College is typically the first time most people share living spaces with others. We meet people with different habits and sometimes clash with our roommates about the neatness and cleanliness of common spaces. So how do we resolve disputes like these? If each roommate grew up in a certain environment, with organizational standards that differ from one another, how do they decide whose living standards the entire common space abides by? These conflicts can impact students to the point where they decide to move out if a satisfactory solution is not found.
Most residents do not feel comfortable living in their dorm if it is not clean. To decide the cleaning standard a shared living space should be held to, it is vital that every resident clearly communicates the hygiene he or she usually practices at home and wants for their living space. For example, telling your roommates it’s important to you that the trash is frequently emptied will communicate a standard for your living space. After sharing and discussing cleaning habits, residents should abide by the highest standard discussed. For instance, if one resident says they would like to clean the shared bathroom every other week and another says they would like it cleaned every week, then the bathroom should be cleaned once a week in order to make every resident feel comfortable.
My experience sharing living spaces so far this semester has been very different from my previous semesters’ experiences. I currently live in a suite-style dorm, meaning I share a bathroom with my roommates and the girls who live next door to me. Similarly to my suite last year, I share a bathroom with both my two roommates and the two people who live next door. Unlike last year, however, the cleanliness situation has been far worse and my suitemates have been very uncooperative with the upkeep of the shared space.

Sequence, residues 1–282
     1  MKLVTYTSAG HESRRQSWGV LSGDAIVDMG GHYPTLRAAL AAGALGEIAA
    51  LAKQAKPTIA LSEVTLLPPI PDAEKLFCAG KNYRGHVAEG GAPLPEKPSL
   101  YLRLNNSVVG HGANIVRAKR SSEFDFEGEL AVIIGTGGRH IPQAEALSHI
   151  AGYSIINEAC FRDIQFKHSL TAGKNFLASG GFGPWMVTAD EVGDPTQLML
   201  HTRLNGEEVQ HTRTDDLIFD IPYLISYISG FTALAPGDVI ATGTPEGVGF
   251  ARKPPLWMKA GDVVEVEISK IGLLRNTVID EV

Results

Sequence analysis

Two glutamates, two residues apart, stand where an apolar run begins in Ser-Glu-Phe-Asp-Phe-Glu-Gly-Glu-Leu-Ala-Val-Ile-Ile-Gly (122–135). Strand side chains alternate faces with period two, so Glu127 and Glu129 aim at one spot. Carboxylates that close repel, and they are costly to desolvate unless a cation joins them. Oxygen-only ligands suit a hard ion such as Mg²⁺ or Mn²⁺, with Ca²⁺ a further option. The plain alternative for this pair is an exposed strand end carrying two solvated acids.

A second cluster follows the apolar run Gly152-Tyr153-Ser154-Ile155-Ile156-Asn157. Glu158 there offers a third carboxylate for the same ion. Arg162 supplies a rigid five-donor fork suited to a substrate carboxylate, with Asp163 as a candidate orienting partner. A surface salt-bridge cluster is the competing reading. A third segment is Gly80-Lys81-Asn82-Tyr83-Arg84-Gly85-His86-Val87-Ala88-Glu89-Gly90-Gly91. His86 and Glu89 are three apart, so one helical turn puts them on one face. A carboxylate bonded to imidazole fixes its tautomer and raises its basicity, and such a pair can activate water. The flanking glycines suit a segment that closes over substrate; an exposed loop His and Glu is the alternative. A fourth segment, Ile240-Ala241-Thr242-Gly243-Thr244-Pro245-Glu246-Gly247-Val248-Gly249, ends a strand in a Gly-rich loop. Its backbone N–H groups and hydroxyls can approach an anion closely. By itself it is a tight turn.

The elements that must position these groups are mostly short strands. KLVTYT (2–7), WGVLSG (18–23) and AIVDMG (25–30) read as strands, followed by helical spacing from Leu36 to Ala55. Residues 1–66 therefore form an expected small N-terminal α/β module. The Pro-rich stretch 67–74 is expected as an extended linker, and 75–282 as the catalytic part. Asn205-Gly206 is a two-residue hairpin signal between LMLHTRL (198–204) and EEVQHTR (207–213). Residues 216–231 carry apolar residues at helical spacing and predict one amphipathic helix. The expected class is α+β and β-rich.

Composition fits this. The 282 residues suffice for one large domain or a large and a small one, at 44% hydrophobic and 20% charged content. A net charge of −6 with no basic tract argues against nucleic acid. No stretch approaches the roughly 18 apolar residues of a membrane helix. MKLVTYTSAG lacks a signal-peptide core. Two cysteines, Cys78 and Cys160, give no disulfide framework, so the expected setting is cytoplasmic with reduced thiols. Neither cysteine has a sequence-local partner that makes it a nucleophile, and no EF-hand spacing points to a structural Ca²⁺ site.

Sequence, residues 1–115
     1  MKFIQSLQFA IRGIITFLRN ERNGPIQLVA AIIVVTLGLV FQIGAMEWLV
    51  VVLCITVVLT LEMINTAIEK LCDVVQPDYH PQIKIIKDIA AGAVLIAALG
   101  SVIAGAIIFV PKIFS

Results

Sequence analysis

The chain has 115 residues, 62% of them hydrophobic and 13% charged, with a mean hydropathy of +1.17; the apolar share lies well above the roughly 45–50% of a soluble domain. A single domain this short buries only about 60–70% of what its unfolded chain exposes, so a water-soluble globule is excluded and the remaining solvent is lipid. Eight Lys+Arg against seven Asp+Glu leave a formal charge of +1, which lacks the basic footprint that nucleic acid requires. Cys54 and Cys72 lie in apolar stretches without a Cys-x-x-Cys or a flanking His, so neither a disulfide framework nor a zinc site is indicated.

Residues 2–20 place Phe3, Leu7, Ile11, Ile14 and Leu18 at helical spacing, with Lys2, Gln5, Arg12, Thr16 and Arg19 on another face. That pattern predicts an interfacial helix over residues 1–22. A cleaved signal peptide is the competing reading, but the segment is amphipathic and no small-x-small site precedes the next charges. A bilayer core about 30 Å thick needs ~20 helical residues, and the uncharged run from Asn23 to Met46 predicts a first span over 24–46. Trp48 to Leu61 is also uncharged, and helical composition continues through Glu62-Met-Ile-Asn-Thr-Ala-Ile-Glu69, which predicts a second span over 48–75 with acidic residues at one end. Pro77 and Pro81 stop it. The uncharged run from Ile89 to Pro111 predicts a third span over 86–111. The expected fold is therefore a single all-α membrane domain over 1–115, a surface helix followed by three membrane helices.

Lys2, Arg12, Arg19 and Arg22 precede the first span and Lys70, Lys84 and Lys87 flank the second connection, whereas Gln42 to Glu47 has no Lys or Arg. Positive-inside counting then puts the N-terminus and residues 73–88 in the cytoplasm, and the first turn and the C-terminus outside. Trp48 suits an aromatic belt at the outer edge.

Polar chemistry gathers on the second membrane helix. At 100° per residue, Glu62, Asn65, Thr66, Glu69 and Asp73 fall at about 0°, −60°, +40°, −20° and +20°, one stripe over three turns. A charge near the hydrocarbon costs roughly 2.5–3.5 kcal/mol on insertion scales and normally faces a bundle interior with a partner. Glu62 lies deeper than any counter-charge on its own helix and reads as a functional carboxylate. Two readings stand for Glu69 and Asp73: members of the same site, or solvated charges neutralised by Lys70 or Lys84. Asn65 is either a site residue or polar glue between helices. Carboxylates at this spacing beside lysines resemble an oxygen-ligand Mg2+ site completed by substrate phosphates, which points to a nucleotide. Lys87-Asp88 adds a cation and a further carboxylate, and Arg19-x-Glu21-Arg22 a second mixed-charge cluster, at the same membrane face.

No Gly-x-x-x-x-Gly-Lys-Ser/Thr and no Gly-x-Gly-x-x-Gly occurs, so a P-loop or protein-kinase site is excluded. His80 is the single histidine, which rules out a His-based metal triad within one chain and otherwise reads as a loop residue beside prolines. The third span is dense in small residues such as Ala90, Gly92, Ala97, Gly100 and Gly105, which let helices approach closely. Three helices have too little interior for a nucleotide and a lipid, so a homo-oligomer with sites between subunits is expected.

After discussing and agreeing on what kind of cleaning practices we want to have in the shared bathroom space and what we think is unacceptable, we are still having problems making sure they keep our space clean. The five of us may have differing definitions of what “clean” means, but that does not mean we need to endure living conditions that we don’t feel are suitable or comfortable. For example, we had all agreed to not pour food in the shared sink because my roommates and I find it appalling, but our suitemates seem to have disregarded our discussion and continue to leave a mess in our shared sink. My roommates and I have had trouble reaching out to them about cleaning the bathroom, so we had to involve our Resident Assistant (RA) and are looking to move out of the suite after this semester. We have spent countless weekends cleaning our space and significant amounts of money buying supplies when we should be focusing on our academics and success at UConn. So, essentially, the unfriendly and unsanitary situation with our suitemates in our shared space has affected us to the point where we feel as though moving out is our best option.
Working through problems with shared spaces can be frustrating because they affect our daily lives on campus. Spending time in your living space can help you cope with the challenges college throws your way, whether they come in the form of academic obstacles or difficult social situations. Your room should be where you go to relax, so it is important to feel comfortable in your space and with your roommates.
Keren Blaunstein is a weekly columnist for The Daily Campus. She can be reached via email at firstname.lastname@example.org.